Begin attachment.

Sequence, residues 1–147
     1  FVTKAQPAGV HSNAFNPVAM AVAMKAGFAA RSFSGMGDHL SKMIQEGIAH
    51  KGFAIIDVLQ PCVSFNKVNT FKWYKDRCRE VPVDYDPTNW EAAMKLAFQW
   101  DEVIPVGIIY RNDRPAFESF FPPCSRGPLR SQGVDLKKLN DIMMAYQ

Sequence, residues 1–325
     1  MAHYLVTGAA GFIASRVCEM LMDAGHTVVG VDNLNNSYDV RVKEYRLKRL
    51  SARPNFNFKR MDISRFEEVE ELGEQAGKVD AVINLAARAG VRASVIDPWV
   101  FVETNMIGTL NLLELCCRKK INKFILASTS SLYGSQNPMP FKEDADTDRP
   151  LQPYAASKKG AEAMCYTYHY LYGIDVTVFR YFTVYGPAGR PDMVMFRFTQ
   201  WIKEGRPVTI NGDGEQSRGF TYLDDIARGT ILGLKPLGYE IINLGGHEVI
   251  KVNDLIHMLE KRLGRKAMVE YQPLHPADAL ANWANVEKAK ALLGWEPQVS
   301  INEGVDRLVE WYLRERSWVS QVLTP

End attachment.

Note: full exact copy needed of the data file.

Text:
Sequence, residues 1–147
     1  FVTKAQPAGV HSNAFNPVAM AVAMKAGFAA RSFSGMGDHL SKMIQEGIAH
    51  KGFAIIDVLQ PCVSFNKVNT FKWYKDRCRE VPVDYDPTNW EAAMKLAFQW
   101  DEVIPVGIIY RNDRPAFESF FPPCSRGPLR SQGVDLKKLN DIMMAYQ

Sequence, residues 1–325
     1  MAHYLVTGAA GFIASRVCEM LMDAGHTVVG VDNLNNSYDV RVKEYRLKRL
    51  SARPNFNFKR MDISRFEEVE ELGEQAGKVD AVINLAARAG VRASVIDPWV
   101  FVETNMIGTL NLLELCCRKK INKFILASTS SLYGSQNPMP FKEDADTDRP
   151  LQPYAASKKG AEAMCYTYHY LYGIDVTVFR YFTVYGPAGR PDMVMFRFTQ
   201  WIKEGRPVTI NGDGEQSRGF TYLDDIARGT ILGLKPLGYE IINLGGHEVI
   251  KVNDLIHMLE KRLGRKAMVE YQPLHPADAL ANWANVEKAK ALLGWEPQVS
   301  INEGVDRLVE WYLRERSWVS QVLTP